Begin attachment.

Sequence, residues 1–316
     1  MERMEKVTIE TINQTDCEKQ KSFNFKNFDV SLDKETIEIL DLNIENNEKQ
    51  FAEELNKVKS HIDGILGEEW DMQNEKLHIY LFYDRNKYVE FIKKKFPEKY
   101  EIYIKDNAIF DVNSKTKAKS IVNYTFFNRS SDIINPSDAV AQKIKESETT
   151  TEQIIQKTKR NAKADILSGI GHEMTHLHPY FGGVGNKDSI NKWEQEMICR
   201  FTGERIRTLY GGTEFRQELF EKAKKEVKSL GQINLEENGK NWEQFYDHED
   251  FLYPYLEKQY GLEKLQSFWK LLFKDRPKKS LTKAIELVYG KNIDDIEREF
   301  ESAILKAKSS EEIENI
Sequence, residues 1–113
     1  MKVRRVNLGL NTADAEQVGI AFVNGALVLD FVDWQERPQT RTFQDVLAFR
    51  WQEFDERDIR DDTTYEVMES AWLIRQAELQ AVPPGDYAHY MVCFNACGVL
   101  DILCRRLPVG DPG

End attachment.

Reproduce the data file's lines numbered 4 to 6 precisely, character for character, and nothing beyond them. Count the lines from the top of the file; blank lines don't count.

   101  EIYIKDNAIF DVNSKTKAKS IVNYTFFNRS SDIINPSDAV AQKIKESETT
   151  TEQIIQKTKR NAKADILSGI GHEMTHLHPY FGGVGNKDSI NKWEQEMICR
   201  FTGERIRTLY GGTEFRQELF EKAKKEVKSL GQINLEENGK NWEQFYDHED